Ethiopia Denies Shipment From Korea Violated Ban

New York Times
Michael R. Gordon
4/15/2007

The Ethiopian government has denied that it violated United Nations sanctions by carrying out a secret purchase earlier this year of military equipment from North Korea.

The Central Intelligence Agency reported in late January that an Ethiopian-flagged ship had left a North Korean port and that its cargo probably included tank parts and other military cargo, according to American officials.

The purchase of tank parts would violate restrictions on dealings with North Korea imposed by the United Nations Security Council in a resolution adopted in October. The Security Council acted less than a week after North Korea tested a nuclear device.

The Bush administration decided not to press Ethiopia to reject the shipment, and the vessel was not inspected after it took its cargo to a port in Djibouti for overland transport to Ethiopia. Some American officials said the shipment was most likely a Security Council violation.

In a statement issued Friday, the Ethiopian Foreign Ministry acknowledged that it had received a cargo shipment from North Korea on Jan. 22, but asserted that it did not include prohibited items like tank parts.

“This shipment contained spare parts for machinery and engineering equipment and raw material for the making of assorted ammunition for small arms,” the Ethiopian statement read. “The United States Embassy in Addis Ababa might have been aware of Ethiopia’s importation of the said cargo from North Korea. “However, the fact is that Ethiopia did not purchase arms or any other item covered by Resolution 1718 under the contractual agreements,” the statement read, referring to the Security Council measure. Ethiopia said the shipment was carried out under the terms of several contracts that were signed with North Korea in June and was paid for in advance.

The State Department has declined to comment on the details of this episode.

Ethiopia purchased $20 million worth of arms from North Korea in 2001, according to American estimates, and American officials say this pattern has continued. Ethiopia has an arsenal of Soviet T-55 tanks and other Soviet-style equipment. The United States has sought to persuade Ethiopia to wean itself from its longstanding reliance on North Korea for inexpensive Soviet-era military equipment.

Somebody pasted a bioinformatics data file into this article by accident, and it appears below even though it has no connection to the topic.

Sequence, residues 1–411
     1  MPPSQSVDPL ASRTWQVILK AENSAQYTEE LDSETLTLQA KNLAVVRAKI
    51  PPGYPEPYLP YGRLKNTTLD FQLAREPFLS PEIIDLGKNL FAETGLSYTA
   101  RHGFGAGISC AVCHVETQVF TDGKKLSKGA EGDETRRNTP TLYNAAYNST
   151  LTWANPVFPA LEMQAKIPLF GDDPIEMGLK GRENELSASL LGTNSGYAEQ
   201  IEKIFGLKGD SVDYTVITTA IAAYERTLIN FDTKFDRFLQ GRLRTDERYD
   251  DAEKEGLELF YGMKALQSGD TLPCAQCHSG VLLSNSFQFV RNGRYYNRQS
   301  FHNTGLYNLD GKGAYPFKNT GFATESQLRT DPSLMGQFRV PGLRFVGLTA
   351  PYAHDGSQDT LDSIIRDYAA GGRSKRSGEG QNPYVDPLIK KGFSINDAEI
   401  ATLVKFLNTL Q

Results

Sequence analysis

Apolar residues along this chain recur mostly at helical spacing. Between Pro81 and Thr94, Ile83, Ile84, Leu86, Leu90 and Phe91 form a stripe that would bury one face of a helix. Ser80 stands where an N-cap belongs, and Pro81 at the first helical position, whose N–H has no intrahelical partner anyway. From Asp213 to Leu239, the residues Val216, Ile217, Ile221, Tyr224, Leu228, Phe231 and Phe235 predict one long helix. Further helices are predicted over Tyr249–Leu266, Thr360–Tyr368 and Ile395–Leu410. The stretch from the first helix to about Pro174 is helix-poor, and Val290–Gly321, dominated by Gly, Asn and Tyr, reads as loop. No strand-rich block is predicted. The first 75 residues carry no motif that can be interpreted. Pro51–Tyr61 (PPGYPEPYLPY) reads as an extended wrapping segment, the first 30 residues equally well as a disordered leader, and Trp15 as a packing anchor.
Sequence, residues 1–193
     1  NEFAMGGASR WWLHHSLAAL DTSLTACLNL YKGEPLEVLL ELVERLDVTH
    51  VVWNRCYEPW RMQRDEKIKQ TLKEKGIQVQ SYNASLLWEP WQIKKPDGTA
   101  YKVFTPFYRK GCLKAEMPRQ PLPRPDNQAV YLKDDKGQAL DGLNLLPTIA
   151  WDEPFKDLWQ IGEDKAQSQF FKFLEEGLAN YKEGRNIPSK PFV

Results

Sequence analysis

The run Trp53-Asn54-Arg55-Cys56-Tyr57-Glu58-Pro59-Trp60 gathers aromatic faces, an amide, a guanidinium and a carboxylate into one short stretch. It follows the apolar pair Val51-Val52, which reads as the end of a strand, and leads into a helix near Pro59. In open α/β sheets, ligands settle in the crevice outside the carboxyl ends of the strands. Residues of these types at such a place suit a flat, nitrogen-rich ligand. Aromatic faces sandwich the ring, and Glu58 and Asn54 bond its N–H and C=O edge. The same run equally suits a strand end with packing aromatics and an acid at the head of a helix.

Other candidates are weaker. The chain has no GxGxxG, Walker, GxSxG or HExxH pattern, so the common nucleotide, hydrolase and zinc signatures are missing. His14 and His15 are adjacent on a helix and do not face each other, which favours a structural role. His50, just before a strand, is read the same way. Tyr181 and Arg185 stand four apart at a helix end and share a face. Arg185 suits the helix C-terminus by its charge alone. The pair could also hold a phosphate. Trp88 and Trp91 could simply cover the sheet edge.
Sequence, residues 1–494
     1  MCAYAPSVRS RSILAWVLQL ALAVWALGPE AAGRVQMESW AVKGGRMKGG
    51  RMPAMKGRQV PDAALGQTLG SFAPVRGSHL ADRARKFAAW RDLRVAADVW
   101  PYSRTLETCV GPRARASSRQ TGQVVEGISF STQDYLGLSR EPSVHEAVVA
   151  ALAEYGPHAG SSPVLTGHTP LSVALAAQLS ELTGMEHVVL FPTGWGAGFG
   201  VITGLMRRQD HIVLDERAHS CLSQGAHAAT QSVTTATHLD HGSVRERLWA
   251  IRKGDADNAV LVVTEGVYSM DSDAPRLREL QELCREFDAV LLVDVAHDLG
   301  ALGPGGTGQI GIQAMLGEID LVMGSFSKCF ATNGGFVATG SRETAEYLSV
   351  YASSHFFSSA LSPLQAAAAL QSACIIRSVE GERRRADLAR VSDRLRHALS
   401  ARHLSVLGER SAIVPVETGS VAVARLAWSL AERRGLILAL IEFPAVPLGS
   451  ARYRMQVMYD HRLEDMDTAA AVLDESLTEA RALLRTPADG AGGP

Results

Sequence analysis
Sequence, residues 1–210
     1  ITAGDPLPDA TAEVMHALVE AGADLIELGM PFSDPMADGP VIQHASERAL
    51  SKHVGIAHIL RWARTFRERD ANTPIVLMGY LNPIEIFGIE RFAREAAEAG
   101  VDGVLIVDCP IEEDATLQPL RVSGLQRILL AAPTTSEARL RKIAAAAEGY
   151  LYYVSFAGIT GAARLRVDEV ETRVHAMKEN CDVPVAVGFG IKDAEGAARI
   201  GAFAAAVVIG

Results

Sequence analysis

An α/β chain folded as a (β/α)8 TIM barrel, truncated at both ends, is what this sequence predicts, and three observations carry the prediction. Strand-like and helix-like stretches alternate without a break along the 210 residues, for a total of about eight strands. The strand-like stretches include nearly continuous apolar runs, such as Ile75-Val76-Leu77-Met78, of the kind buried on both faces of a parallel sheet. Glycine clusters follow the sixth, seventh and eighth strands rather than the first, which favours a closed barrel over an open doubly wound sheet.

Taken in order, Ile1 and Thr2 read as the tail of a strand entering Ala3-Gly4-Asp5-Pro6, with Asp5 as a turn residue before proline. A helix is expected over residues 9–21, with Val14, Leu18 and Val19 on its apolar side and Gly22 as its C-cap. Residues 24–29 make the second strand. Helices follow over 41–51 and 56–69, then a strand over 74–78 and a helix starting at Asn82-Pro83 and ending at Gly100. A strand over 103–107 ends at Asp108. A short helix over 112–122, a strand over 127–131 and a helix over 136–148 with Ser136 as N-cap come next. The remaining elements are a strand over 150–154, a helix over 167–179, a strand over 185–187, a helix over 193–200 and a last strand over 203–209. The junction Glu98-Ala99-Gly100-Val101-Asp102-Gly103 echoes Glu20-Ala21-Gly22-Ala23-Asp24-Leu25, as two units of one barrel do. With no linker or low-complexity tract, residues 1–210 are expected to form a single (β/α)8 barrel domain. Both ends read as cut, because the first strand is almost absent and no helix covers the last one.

The United States has had close ties with Ethiopia. American officials say that Ethiopia was provided with American intelligence about the location of Islamist forces before its recent offensive in neighboring Somalia. On Jan. 7, American AC-130 gunships launched two strikes on terrorist targets from an airstrip inside Ethiopia, according to American officials. Ethiopia has said such reports are a fabrication.

Previous Washington Post Story below…

U.S. Allowed N. Korea Arms Sale
Washington Post
Glenn Kessler
4/8/2007

The United States did not act to prevent a recent shipment of arms from North Korea to Ethiopia, even though sketchy intelligence indicated the delivery might violate a U.N. Security Council resolution restricting North Korean arms sales, Bush administration officials said yesterday.

The decision to let the shipment proceed was made by relatively low-level staffers, with little internal debate, and it was unknown to top policymakers involved in the campaign to punish Pyongyang for its test of a nuclear weapon last October, officials said.

The January arms delivery occurred as Ethiopia was fighting Islamic militias in Somalia, aiding U.S. policies of combating religious extremists in the Horn of Africa.

Intelligence reports indicated that the shipment included spare parts, including tank parts, officials said. Nevertheless, the cargo was not inspected, making it difficult to know whether it violated the U.N. resolution. The value of the shipment is also unclear.

An interdiction of the shipment, delivered by a ship under the Ethiopian flag, was never seriously considered, officials said. Policy implications were not raised to Cabinet-level officials or even to those at the assistant-secretary level.

The New York Times reported the arms shipment on its Web site yesterday. State Department spokesman Sean McCormack declined to comment on the report but said, “We are deeply committed to upholding and enforcing U.N. Security Council resolutions.”

Ethiopia and other African countries that rely on Soviet-era military equipment have long purchased inexpensive spare parts from North Korea. The United States has sought to persuade those countries to end their relationships with Pyongyang. After U.S. diplomats learned of the January shipment, Ethiopian officials pledged yet again to look for suppliers other than North Korea, U.S. officials said.

The Bush administration has led a years-long campaign to choke off North Korea’s access to hard currency by thwarting weapons sales and cracking down on its extensive counterfeiting operations.

North Korea recently agreed to shut down its nuclear reactor, but only after the United States ended an investigation into a Macau bank linked to money laundering and counterfeiting operations. About $25 million in North Korea-linked bank accounts was frozen because of the probe, infuriating Pyongyang.

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